I have stated that hydrochloric acid is always present in the stomach, and particularly so during the digestive process. For the discovery of this curious but important chemical fact, we are indebted equally to M. Tiedman Gmelin, of Germany, and Dr. Prout, of London. This acid may be artificially obtained by the decomposition of chloride of sodium, or common table salt (which is only a combination of pure muriatic acid and soda). The acid is of great service in promoting the function of digestion in the stomach, while the soda, as an alkali, copiously enters into the formation of bile. Thus it is that a certain proportion of salt is necessary to digestion in every species of animals—at least as far as our knowledge extends in the classes of quadrupeds and birds; and although chemistry tells us that it is an essential ingredient in the burnt ashes of the vegetables, yet we very rarely find it existing in a sufficient quantity to form a regular supply of either in the acid or soda which is required for the due performance of the function of healthy digestion; and, there. fore, not only should we ourselves partake of a certain quantity daily with our own food, but should place some within the reach of both birds and cattle under our management in the farms we are connected with. Nature is the philosopher's best monitor, and the scientific farmer cannot do better than to obey her axioms. We find that all classes of animals have, if I may use the expression, an instinctive love for salt, and seek for it as for a portion of their diurnal food. It is well known that the pigeon tribe of birds, if they cannot obtain it elsewhere, will even have recourse to the mortar which cements the bricks of houses together. They have been frequently known to fly to the sea coast in order to procure it; and pigeon-fanciers who are not so honest as to mind borrowing their neighbors' birds will allure them by means of what is known as a salt-cake, placed in or near the dove-cote, wherein muriate of soda forms an essential ingredient. This nefarious practice is now forbidden, very properly, by an act of Parliament, which awards a punishment of seven years' transportation upon conviction. It, however, confirms the important physiological fact I have just noticed.
In the ruminating tribe of the class mammalia, as the ox and the sheep, the important process of digestion differs but little from that which I have stated, and their stomachs are of the simplest construction, being little else than a mere membraneous bag; but in the ruminantia we find their stomachs considerably more complicated, in order that they may be enabled to extract the due proportion of nourishment which they require from the food which they eat; as in the case of grass, by way of example, which we find by chemical investigation contains but very little nourishment in proportion to the bulk. Let us now philosophize for a moment, and see the manner in which the ox and those of his class perform the functions of mastication and digestion. In these creatures the grass is cropped from the surface of the earth by means of the fore teeth, and, after being but very slightly masticated, is swallowed. This process continues uniil the first stomach is filled,* when the animal lies down apparently well and perfectly contented; but it is now that the curious process of rumination commences. In the first stomach the food is mixed with a secreted fluid not dissimilar to the saliva, and in a kind of semi pulpy mass it is returned into the mouth, in small detached portions, where perfect mastication takes place, and during this process the animal is in a recumbent position; after the second and perfect mastication is completed, the food passes into the second stomach, denominated by comparative anatomists omasum; from this it passes into the third stomach, the abomasum; in these last two it undergoes very important changes, and whence it passes into the fourth or really true stomach. It is in this last portion of the curious but complicated species of apparatus that the function of digestion is ultimately and perfectly performed; and the last processes of extracting the nutriment from the food are exactly similar to that which I have described as occurring in man and those animals having simple membraneous stomachs. The vital fluid of all animals is commonly denominated the blood, in which, as Holy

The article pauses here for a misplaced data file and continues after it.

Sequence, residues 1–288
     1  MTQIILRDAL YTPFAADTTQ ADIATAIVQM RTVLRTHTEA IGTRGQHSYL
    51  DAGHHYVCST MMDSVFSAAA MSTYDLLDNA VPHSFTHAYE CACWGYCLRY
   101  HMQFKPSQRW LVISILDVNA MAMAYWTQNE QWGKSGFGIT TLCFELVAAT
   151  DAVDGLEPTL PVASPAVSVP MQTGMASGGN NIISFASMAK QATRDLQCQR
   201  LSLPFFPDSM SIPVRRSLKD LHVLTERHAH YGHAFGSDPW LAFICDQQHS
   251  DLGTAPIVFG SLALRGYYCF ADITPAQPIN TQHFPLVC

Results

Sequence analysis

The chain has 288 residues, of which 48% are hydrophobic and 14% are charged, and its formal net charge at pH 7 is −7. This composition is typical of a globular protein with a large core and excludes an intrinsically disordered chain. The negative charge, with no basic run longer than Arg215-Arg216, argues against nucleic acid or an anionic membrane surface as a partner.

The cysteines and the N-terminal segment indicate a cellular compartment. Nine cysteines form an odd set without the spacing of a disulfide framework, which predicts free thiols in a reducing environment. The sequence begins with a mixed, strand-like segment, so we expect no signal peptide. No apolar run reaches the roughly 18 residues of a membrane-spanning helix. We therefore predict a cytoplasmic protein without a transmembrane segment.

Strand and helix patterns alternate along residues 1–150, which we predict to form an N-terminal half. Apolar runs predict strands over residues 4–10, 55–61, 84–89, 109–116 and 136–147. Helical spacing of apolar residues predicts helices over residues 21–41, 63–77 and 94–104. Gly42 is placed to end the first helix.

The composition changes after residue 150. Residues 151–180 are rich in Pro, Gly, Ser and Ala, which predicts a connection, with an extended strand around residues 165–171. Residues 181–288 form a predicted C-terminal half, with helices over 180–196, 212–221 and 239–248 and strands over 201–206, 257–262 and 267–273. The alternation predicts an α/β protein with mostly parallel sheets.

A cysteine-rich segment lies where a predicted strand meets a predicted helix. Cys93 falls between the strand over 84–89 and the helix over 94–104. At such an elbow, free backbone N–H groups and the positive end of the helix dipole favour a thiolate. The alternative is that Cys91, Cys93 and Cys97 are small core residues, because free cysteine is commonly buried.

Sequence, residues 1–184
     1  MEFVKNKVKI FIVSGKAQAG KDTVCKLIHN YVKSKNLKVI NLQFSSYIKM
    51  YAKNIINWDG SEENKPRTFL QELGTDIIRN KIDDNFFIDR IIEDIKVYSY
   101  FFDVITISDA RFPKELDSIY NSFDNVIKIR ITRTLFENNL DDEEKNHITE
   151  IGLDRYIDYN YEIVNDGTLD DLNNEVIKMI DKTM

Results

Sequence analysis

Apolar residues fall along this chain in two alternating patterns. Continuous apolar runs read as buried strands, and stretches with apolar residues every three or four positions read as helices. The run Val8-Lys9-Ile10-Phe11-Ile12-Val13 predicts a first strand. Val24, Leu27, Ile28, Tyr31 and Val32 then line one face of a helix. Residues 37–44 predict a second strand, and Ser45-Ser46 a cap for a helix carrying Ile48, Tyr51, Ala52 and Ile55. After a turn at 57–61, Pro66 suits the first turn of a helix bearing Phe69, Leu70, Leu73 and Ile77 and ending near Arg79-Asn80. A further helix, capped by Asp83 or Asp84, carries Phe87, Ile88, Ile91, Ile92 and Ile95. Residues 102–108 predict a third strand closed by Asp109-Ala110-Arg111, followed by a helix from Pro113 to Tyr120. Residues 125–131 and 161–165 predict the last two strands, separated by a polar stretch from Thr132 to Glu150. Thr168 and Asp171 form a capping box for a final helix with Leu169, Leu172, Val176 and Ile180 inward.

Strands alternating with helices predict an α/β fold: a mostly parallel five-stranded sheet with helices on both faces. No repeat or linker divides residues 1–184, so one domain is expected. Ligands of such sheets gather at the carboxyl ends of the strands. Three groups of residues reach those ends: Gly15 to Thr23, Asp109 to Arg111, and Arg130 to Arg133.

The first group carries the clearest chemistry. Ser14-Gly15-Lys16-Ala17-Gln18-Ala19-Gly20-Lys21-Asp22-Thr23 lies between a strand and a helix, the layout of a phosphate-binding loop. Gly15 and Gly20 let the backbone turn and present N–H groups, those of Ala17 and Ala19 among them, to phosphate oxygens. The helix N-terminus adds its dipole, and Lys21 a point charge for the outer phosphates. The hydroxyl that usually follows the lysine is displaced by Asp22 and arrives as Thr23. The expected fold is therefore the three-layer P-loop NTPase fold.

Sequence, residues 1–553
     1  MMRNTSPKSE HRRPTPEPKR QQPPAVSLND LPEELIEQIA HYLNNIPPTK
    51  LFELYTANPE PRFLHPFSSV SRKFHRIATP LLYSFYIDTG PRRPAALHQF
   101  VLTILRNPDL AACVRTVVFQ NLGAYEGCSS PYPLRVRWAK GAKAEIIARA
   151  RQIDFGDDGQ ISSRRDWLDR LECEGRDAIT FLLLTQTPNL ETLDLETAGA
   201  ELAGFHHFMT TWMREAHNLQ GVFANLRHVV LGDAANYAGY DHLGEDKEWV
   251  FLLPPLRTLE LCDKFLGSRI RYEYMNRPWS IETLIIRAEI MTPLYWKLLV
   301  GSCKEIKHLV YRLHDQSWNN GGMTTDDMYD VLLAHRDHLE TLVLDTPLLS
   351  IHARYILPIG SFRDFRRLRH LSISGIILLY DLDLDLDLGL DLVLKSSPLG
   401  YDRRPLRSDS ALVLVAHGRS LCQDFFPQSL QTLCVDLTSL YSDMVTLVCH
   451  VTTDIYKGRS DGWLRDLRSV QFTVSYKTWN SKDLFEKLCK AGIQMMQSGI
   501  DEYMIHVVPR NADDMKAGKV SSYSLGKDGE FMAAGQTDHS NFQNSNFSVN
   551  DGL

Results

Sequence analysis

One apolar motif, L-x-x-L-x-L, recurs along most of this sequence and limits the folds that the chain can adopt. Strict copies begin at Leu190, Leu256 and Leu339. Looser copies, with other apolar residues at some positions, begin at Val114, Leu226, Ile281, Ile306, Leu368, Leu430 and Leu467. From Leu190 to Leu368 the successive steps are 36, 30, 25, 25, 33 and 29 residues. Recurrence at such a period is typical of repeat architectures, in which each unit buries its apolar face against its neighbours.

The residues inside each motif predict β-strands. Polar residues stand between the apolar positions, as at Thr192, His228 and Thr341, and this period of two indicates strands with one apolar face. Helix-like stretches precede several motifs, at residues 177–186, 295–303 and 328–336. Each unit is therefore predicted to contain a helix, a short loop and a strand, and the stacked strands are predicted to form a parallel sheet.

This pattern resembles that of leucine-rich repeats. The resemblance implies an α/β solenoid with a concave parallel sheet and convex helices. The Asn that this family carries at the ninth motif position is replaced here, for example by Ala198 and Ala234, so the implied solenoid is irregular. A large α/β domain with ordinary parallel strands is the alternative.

Writ truly observes, “is life;" this fluid is either formed from vegetables, -as in the herbivora, or from flesh, as in the carnivora; yet in both tribes of animals the composition and essential constituents are the same, both in their physical effects upon the system and as portrayed by chemical analysis. We find it circulating throughout not only the principal organs in the living animal, but by means of vessels as fine as the human hair; so extremely delicate are they that they will not admit the thicker coloring particles of the blood itself; yet the properties which the blood possesses are most surprising; it replenishes the fluids and solids which are diminished by the waste, wear, and tear of the body; it places osseous or bony matter in the skeleton for its growth and support; forms fleshy fibres for soft muscular tissue, by which the motions of the body are performed; and from the blood are all the different bodily secretions which are necessary for the healthy existence of the animal secreted and performed; the
* We should here observe that the lecturer exhibited drawings of the stomach, as found in both tribes of animals.--Ed. Plough.